From the Vaults: 'Black Sunday' (1960)
I'm so sorry: I know last week I promised Zorro, and I had the 1920 Douglas Fairbanks movie all cued up and ready to go. But there was a full moon out, and Mario Bava's "Black Sunday" had just showed up in the mail, and I was all excited from having recently watched "Black Sabbath" for the Final Girl Film Club -- anyway, one thing led to another. Bava's film provides witches AND vampires, thank you, plus exploding coffins, swooping bats, walking corpses, terrified milkmaids and all the gorgeous black-and-white visuals you could want. It's perfect for a chilly full-moon night.
We open with a prologue in the 1600s, where Moldavian witch Asa (Barbara Steele) is being sentenced to death by her own brother for sorcery. Because she is so very evil, she has to be branded with the mark of Satan, then killed with a spiked mask to the face, and THEN burned at the stake. The Moldavians do not mess around and neither does Bava. It's a gruesome opener. Asa is not the falsely accused variety of witch -- before taking the spiky mask, she snarls out a curse on her brother and his descendants. A rainstorm prevents the witch-burning mob from setting fire to her body, so she's buried in the family crypt, still in the spiky mask.
Two centuries later, it's a more enlightened age. A pair of doctors (John Richardson and Andrea Checchi) are riding through the Moldavian wilderness on their way to a medical conference. How professional! Their carriage driver is reluctant to take a shortcut through the forest because of local superstition about a witch, but the doctors just laugh this off. But that's before their carriage loses a wheel -- and before they decide to explore an old tomb nearby, and find a woman's perfectly preserved corpse inside, and before they meet the beautiful and mysterious local princess, Katia (also Steele), walking her dogs nearby. Has an ancient curse been revived? Will evil walk again? Cue howling dogs!
This movie's such a blast. Bava's high-Gothic visuals are absolutely dazzling, whether he's got you in a forest or an old churchyard or a crumbling castle. "Black Sunday" (released as "La maschera del demonio") launched Bava's career as an Italian-horror maestro and influenced decades of Gothic chillers, from Roger Corman's awesomely goofy "Pit and the Pendulum" (also starring Steele) the next year to Tim Burton's "Sleepy Hollow" in 1999.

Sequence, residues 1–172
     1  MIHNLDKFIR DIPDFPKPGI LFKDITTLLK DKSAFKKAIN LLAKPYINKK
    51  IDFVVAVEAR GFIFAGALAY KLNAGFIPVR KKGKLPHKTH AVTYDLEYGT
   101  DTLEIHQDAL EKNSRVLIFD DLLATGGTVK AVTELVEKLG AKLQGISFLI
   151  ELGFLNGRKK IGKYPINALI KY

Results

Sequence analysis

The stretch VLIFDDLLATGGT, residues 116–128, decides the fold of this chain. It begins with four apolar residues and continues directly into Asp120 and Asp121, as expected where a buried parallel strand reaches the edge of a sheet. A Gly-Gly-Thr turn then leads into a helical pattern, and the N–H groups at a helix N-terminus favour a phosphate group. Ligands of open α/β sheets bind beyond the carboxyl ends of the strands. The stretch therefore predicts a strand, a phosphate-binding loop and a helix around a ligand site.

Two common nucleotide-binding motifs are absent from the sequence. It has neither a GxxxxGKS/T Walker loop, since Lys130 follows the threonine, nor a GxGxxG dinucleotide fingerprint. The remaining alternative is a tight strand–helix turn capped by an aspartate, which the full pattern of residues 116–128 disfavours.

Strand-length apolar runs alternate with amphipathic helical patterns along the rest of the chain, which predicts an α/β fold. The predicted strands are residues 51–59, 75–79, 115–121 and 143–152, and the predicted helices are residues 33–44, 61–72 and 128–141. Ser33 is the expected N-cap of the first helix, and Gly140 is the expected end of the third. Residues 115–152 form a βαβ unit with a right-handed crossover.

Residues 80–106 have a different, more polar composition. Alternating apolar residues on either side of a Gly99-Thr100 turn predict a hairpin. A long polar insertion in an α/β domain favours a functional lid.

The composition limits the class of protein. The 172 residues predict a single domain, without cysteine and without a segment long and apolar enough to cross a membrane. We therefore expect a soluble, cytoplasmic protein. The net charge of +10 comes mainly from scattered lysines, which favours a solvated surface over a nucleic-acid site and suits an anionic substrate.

The DVD was dubbed into English, which was a little distracting -- I really hate hearing American accents coming out of my 19th century Italian peasants, you know? -- but the dialogue's really beside the point. You're here for the livid faces and billowing cloaks and crumbling tombstones, and you have them in spades.
Oh, and it turns out that evil witch Asa is not just any witch -- she can live again by drinking blood, vampire style! She can also revive her 17th century consort and have him go lurching around doing her evil bidding, so really what you have here are witches, vampires and zombies, all in one high-goth package. What more could you ask?
Looking at Barbara Steele's IMDb page here, I learn that not only did she go on to play a military doctor in "Piranha" (1978), she's got a new film called "The Butterfly Room" in post-production -- costarring Ray Wise ("Twin Peaks") and Heather Langenkamp ("Nightmare on Elm Street"). Intriguing! She's quite lovely in this movie, whether tearing up as the innocent, tormented Katia, or snarling and spitting curses as the evil Asa.
Anyway, I love "Black Sunday" not only for its visuals, but for the idea that evil cannot be contained, even in an age of reason. Those peasants with their superstitions and crucifixes are spot-on: You SHOULD be afraid of the dark forest, and you should NOT go messing around with old tombs. Deep in some pre-rational cave in our collective minds, we just know this is true; and that's what keeps us coming back to these kinds of movies. There ARE such things. Be afraid.
Cue full moon and howling!
-- Anne Elisabeth Dillon
Images: AIP. Above: Evil (black gown) Barbara Steele meets good (white gown) Barbara Steele.